I do not have chicken liver pâté in the freezer, but I do try to keep a few little morsels of homemade brownies or pistachio ice cream around in case of my friends come over and need it. Life is hard. Food makes it better. In 136 recipes, Reichl will make her case and prove it: More even than a $10 green juice or a very telegenic order of avocado toast, the warm stuff you make for yourself and for the people you love is what will sustain you. I am a believer.


How to Meditate: A Practical Guide to Making Friends with Your Mind by Pema Chödrön, also recommended by Krista

What made you read it?

A roommates’ constantly-meditating boyfriend gave it to me for my birthday one year in college. It took me a while to crack it open, but I finally did when the stress of graduation was getting to me.

How did it help you?

It gave great little exercises to ease me into meditating that I still pull out at my desk when I need a break but don’t have time for a walk.

Pretend I’m not going to read it…what should I know?

Focus on your breath! Feel your body!

Also, this quote kind of sums it up: “When something is bothering you — a person is bugging you, a situation is irritating you, or physical pain is troubling you — you must work with your mind, and that is done through meditation.”


The Happiness Project by Gretchen Rubin, also recommended by Emily

What made you read it?

I was on a self-help/”how I made it” biography book binge at the time and this was on the best sellers list. I read it in close proximity to “#GIRLBOSS.”

How did it help you?

It put a lot of things into perspective for me, like how my level of happiness can be determined by how much I procrastinate and put things off. And that if I just tackle those things, even slowly or one by one, it will ultimately lead to me being happier, or at least, less stressed. Since reading the book, I can’t say that I’ve stuck to it, but I always have it in the back of my mind.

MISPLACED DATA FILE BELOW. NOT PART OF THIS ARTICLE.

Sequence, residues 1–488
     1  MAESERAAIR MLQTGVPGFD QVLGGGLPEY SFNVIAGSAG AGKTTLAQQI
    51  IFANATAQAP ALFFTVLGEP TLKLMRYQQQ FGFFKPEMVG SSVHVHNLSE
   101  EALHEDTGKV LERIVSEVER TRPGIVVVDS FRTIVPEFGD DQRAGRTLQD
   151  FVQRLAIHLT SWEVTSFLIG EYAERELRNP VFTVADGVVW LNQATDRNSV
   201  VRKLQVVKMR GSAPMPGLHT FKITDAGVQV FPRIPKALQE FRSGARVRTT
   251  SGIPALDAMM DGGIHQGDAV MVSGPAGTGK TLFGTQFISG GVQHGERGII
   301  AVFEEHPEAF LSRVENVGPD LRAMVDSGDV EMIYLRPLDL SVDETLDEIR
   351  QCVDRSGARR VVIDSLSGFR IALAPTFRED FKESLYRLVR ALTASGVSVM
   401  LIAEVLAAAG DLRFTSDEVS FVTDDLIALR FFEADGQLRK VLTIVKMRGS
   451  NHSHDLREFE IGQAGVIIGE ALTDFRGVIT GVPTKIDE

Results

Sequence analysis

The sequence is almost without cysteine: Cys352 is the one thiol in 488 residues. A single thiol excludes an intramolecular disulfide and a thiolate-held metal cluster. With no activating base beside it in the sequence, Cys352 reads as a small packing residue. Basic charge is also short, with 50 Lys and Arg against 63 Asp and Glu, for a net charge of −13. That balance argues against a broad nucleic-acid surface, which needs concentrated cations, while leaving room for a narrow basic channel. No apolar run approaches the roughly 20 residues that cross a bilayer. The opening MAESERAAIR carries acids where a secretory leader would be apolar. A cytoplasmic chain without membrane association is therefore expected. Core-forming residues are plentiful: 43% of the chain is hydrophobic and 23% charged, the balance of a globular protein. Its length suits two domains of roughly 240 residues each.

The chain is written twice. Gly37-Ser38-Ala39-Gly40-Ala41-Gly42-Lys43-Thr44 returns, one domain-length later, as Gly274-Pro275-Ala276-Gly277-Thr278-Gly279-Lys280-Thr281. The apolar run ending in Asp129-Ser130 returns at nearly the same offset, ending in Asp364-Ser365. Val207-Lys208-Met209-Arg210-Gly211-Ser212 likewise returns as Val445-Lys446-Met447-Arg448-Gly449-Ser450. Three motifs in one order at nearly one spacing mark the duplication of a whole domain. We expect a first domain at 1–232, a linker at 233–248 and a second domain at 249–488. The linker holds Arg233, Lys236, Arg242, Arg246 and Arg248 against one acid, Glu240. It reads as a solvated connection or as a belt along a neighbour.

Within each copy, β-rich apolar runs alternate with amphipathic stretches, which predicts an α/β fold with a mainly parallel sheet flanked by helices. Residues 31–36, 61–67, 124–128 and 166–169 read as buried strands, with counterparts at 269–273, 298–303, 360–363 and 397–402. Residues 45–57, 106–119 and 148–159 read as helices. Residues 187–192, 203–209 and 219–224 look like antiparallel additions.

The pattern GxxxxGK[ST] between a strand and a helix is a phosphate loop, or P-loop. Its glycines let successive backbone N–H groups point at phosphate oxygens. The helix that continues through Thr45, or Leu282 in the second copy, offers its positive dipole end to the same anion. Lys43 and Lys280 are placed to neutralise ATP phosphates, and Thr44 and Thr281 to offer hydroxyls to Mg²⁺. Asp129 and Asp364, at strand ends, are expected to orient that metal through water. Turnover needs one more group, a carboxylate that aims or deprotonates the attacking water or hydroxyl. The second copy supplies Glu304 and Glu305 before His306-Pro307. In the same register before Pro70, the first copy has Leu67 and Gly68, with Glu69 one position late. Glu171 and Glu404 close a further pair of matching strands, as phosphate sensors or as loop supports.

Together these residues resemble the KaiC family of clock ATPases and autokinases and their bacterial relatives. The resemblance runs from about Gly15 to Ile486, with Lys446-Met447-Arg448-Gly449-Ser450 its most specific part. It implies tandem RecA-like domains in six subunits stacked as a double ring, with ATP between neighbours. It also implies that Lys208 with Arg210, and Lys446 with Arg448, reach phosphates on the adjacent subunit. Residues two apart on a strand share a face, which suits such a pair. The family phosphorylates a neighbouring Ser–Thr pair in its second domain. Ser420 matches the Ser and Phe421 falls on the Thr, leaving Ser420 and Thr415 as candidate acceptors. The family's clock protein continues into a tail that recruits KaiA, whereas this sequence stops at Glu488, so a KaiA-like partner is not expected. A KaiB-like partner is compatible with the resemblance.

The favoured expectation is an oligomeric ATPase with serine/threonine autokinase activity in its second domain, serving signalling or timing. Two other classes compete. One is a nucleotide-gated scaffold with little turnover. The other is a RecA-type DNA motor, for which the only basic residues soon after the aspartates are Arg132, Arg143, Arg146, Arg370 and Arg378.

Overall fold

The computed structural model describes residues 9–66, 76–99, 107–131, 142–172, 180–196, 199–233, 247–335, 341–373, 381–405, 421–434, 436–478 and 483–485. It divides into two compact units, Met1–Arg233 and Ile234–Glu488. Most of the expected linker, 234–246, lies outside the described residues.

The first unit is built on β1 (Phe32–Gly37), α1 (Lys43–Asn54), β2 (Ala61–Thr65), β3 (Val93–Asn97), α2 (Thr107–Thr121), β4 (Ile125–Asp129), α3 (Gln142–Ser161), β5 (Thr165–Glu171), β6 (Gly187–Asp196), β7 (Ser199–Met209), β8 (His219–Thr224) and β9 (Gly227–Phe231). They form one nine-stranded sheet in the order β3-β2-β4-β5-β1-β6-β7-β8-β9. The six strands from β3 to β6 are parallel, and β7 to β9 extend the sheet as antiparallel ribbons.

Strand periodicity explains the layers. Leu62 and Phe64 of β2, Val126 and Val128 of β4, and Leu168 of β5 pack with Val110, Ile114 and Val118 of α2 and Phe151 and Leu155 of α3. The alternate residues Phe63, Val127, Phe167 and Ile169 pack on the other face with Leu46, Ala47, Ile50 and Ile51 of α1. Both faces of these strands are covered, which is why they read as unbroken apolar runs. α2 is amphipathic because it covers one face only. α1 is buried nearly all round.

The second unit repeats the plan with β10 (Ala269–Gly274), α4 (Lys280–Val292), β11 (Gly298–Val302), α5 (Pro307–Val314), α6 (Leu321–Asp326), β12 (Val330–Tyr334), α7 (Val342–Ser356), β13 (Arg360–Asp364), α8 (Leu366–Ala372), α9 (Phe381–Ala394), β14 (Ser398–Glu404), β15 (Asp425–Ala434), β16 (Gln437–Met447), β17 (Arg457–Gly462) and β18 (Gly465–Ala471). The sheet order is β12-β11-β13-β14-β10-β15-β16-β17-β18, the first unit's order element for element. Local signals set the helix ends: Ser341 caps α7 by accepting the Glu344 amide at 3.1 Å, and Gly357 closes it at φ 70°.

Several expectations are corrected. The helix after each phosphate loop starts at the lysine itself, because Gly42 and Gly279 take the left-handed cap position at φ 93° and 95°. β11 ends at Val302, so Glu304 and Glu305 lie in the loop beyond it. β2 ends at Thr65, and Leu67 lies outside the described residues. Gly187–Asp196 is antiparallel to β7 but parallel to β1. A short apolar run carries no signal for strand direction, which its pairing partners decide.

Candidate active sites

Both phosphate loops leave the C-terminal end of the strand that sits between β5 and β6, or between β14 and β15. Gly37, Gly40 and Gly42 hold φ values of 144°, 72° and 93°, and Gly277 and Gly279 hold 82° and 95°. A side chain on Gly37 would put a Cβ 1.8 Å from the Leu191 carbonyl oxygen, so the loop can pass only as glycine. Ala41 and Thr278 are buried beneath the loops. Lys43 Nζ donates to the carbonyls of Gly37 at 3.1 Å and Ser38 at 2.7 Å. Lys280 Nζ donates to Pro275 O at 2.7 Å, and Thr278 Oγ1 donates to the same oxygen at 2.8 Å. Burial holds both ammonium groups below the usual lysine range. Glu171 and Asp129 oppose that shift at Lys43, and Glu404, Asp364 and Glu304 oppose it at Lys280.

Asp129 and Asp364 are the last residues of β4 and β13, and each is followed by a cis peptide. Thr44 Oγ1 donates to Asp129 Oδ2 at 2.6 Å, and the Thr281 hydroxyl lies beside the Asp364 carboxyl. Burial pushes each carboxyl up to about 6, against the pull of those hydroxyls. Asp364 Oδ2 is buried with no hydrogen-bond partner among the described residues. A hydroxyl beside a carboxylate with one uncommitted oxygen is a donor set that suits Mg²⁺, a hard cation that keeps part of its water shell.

Pretend I’m not going to read it…what should I know?

It’s the perfect book if…

– You have a never-ending to-do list that seems impossible to tackle.

– If you’re feeling unhappy and have no idea why.

Photographed and collaged by Krista Anna Lewis.


Get more Brain Massage ?
  • I highly HIGHLY recommend The Creative Habit by Twyla Tharp


    Also, Gretchen Rubin and her sister have a fun podcast

    • Amelia Diamond

      my mom always tells me to read that one!

      • Listen to your mom! I read it when I was working in a soul-crushing corporate job that was the opposite of my strengths. I had some creative talent and interests, but no clue how to build a creative career and life

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  • I loved #GIRLBOSS so much and now I’m interested in The happiness project, will definitely give it a try! 🙂

    xx, Matea

  • Leandra Medine

    APPARENTLY, my book rec got lost in the mailOR SOMETHING — i mean, you go to london for 4 days and poof! no one even remembers you exist. but my pick is: how to win friends and influence people.